In search of Goths

Wow, what a lot we packed in yesterday :)

We were up with the sparrows to drop step daughter to be off at work and then headed off into the wide blue yonder.

We packed in way too much to put into one post, which is great because it will probably keep me going for the rest of the week.

There were churches, a power station, the seaside and the Goth weekend at Whitby.

Taking photos there is number 18 on my Fifty before Fifty challenge.

We went to Whitby across country, stopping at a power station and three of the Churches Conservation Trust Churches and across the North Yorkshire Moors. What a great drive in the early morning autumn sun.

I don’t know why, but I was surprised by the number of people there. But I think the Goth weekends (which are held each spring and autumn) are gaining a reputation and people go along to do exactly the same as we  wanted to do … take photos of the weird and wonderful characters.

It was a beautiful day and Whitby is gorgeous. But more on the town itself in another post.

This post is devoted to the fabulous people we saw yesterday.

I think Man would have enjoyed it more had there been less crowds but, it was fun.

People go to amazing efforts to get into character and some of the costumes were outstanding.

I practiced my “May I take your photograph?” line over and over again. I’m getting better at this, the first time I did it was at the 1940s day at Papplewick Pumping Station. This was with people who had turned up for a specific event at a specific place and were expecting people to take their photograph.

Yesterday was one step further on. These were people who were dressed up for a specific event and were probably expecting people to take their photos but they were just milling around a town with the rest of the hoi polloi.

The next step will be to pluck up the courage to ask random people going about their business if I can take their photos.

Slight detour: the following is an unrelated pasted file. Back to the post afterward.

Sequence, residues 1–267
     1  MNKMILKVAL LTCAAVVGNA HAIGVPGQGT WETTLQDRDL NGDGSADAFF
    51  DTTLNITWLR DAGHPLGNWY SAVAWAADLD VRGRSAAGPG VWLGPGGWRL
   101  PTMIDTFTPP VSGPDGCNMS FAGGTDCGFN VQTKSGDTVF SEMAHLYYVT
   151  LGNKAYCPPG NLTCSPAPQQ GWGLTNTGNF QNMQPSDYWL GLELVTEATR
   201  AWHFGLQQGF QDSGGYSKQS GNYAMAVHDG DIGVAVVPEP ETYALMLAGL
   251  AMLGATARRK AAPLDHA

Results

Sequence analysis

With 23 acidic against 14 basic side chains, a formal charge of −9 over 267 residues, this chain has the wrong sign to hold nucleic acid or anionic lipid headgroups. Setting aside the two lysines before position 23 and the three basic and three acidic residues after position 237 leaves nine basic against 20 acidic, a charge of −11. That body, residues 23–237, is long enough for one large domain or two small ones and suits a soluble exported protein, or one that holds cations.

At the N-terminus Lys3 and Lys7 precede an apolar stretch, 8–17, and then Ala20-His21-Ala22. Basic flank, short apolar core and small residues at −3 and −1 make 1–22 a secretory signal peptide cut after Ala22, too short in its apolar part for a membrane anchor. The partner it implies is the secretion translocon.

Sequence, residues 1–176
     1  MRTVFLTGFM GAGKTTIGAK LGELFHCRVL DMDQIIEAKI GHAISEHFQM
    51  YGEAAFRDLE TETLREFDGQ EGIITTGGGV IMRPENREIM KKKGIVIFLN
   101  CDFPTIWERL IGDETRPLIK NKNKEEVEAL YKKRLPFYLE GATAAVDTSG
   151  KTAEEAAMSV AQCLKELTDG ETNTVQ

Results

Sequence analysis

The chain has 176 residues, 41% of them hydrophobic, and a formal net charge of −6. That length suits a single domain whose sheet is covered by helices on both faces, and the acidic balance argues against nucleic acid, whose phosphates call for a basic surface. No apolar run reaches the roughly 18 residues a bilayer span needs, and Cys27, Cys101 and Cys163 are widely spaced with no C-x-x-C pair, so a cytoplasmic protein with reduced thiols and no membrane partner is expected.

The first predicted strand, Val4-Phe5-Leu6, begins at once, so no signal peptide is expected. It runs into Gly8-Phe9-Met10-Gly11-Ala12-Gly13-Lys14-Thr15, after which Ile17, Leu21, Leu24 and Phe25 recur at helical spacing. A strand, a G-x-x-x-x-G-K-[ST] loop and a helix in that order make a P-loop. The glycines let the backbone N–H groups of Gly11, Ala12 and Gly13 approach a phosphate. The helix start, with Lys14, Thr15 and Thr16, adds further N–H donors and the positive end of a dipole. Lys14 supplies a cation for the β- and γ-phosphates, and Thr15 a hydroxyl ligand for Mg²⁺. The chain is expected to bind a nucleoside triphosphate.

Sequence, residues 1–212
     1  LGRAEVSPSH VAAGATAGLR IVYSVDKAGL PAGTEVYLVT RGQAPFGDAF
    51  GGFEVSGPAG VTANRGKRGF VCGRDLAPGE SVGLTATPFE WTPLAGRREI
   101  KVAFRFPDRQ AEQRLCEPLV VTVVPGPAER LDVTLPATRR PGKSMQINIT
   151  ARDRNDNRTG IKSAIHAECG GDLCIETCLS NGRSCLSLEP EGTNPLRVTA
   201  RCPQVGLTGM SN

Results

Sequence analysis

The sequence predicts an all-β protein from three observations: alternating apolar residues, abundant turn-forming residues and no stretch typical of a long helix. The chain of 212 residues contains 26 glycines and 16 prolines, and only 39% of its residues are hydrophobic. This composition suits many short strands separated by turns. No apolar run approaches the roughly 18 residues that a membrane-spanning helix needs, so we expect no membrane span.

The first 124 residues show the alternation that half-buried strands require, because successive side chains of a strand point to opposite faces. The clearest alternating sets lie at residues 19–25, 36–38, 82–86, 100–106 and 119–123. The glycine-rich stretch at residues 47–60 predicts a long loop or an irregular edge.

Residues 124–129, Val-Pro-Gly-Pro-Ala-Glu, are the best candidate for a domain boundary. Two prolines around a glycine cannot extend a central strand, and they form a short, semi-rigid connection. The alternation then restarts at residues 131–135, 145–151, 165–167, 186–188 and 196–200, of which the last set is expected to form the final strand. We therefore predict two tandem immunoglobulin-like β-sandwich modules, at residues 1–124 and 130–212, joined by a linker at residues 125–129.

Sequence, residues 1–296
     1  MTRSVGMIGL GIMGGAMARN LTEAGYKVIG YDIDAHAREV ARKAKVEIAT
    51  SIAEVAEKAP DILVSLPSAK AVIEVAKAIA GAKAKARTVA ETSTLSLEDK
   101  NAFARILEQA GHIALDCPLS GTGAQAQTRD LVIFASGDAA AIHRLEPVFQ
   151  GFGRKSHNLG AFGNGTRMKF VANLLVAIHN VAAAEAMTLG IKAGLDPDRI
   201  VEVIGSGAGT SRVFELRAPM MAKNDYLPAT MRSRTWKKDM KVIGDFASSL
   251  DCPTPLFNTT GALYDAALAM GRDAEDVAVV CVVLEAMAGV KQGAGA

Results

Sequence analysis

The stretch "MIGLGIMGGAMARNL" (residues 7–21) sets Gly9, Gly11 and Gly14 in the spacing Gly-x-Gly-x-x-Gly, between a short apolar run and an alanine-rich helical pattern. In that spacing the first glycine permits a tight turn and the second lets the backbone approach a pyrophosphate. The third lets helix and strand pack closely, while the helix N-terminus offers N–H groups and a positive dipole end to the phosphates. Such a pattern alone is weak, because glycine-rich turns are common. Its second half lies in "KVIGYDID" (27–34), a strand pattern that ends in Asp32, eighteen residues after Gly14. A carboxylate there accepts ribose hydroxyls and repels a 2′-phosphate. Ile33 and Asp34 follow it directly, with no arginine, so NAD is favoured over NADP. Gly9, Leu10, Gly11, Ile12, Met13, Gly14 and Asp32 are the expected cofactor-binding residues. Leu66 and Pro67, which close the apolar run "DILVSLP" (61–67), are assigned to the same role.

The thing that struck me about yesterday is this Goth weekend did not just attract young people. In fact the vast majority of people I saw were at least my age, if not older. (And talking about age, my countdown clock has clicked down again – only 2.9 years till I’m 50!).

The costumes were amazing (Man kept laughing at me because I kept telling people that) and I had a lovely time photographing people. They had gone to such efforts.

One thing I did find, though, was that people had a very definite idea of how they wanted to pose, which usually involved them staring moodily into the distance. I was grateful to them though, for being so friendly and approachable and letting me photograph them.

I had loads of fun and that’s Number 18 checked off the list (I feel an update on the challenge coming on later this week).


  1. nikkix2 said:

    Well done!
    My older daughter tried the Goth look for a bit, but it didn’t last long. Too much work I suppose.
    Question: Is Goth a real specific time period that happened in England,,I’m a bit confused about it?

    • Thanks. It’s a bit confusing … the Goth culture sort of grew from the punk era in the 70s and 80s. It takes influences from all sorts, including the Gothic literature of the Victorians – hence many Victorian-style costumes. I thought they looked great :)

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